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franklin county times

Meridian woman awaits lung transplant

By By Kelly Quackenbush/The Meridian Star
April 29, 2001
Lisa Young Allen, 32, of Meridian is awaiting a double lung transplant and reaching out to the community for help.
Allen was diagnosed with cystic fibrosis when she was 16 months old. Even though she was in and out of the hospital several times a year, she led a fairly normal life until about a year ago.
She cannot water ski, camp or travel anymore. She takes 15-25 pills a day. She has to be on an oxygen tank 24 hours a day and have breathing treatments four times a day. The breathing treatments involve a special vest that drains her lungs of thick mucus.
Allen is fifth on a waiting list for a double lung transplant. She carries a pager that will let her know when a pair of lungs becomes available. After the pager goes off, she has two hours to travel to the University of Alabama in Birmingham.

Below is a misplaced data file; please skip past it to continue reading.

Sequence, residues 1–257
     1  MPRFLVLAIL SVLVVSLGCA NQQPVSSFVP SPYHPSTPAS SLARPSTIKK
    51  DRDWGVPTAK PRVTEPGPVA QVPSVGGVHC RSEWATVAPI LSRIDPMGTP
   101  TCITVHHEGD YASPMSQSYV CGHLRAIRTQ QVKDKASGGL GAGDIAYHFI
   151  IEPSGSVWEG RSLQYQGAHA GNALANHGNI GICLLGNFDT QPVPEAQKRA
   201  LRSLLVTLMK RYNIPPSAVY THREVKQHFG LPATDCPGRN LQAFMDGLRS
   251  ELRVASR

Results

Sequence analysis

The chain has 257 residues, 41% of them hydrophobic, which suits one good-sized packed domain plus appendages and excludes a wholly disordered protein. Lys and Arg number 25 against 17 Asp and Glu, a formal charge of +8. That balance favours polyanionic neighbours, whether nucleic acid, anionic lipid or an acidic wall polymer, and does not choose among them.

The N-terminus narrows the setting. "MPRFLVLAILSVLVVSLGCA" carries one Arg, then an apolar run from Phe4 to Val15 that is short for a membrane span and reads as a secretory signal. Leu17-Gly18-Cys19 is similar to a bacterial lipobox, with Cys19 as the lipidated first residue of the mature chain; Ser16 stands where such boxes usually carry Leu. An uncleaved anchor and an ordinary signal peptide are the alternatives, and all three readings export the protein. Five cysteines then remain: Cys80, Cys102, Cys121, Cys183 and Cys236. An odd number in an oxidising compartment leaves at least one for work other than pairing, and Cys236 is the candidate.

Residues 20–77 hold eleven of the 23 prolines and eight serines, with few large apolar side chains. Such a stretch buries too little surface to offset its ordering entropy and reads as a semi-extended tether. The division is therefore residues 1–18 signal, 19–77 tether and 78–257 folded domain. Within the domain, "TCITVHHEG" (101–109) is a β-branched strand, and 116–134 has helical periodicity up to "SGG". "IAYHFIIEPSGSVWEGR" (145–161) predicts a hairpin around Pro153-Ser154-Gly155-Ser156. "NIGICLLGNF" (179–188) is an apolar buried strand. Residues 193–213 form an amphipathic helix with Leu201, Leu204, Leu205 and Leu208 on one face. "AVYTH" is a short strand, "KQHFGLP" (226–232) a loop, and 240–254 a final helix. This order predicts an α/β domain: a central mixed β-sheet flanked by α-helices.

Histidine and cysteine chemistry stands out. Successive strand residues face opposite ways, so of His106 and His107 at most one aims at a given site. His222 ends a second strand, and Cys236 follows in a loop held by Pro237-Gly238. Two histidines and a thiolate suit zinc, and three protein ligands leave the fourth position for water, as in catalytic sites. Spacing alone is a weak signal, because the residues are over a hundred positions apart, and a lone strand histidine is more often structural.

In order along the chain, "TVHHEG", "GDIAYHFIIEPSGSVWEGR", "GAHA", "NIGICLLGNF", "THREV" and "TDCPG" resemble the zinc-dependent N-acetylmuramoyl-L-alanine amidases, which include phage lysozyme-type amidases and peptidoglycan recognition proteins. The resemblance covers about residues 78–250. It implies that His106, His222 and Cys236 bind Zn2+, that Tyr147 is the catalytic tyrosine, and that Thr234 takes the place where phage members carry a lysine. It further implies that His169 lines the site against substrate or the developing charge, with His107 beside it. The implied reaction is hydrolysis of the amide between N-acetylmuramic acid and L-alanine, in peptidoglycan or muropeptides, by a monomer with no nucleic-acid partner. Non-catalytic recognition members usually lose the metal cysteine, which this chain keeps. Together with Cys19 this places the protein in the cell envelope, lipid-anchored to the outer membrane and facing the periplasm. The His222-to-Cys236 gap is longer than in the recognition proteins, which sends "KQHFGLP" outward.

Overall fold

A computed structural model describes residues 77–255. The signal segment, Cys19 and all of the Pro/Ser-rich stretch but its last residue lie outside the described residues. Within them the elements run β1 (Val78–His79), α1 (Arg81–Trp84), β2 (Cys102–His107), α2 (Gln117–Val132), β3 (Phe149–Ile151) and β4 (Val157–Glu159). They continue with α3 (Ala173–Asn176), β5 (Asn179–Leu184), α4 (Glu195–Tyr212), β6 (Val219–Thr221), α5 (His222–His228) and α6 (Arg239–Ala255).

After her surgery, Allen will be in the hospital for at least two weeks and will have to stay within five minutes of the Birmingham hospital for three months or more.
She and her husband, Les, have been married for 12 years. They have two children, a son and a daughter. She is the daughter of Pete and Kay Furline and the late Buddy Young. Her mother will be staying with her during the three-month recovery in Birmingham.
The operation will cost $250,000 and the medicine will cost $32,000 a year. While most of this cost will be covered by Allen's insurance, the three-month stay in Birmingham will not be covered.
Mother and daughter will have to rent an apartment or stay in a hotel during the recovery period. Allen is seeking donations to help pay her living expenses during the recovery period.
Cystic fibrosis is a genetic disease affecting about 30,000 children and adults in the U.S. It causes the body to produce an abnormally thick, sticky mucus due to faulty transport of sodium and chloride (salt) within cells lining organs such as the lungs and pancreas.
The disease has a variety of symptoms including salty-tasting skin, persistent coughing, wheezing or pneumonia and poor weight gain. It is hereditary and both parents must be carriers of the faulty gene to pass the disease on to a child.
Kelly Quackenbush is a staff writer for The Meridian Star. Call her at 693-1551, ext. 3228, or e-mail her at kquackenbush@themeridianstar.com.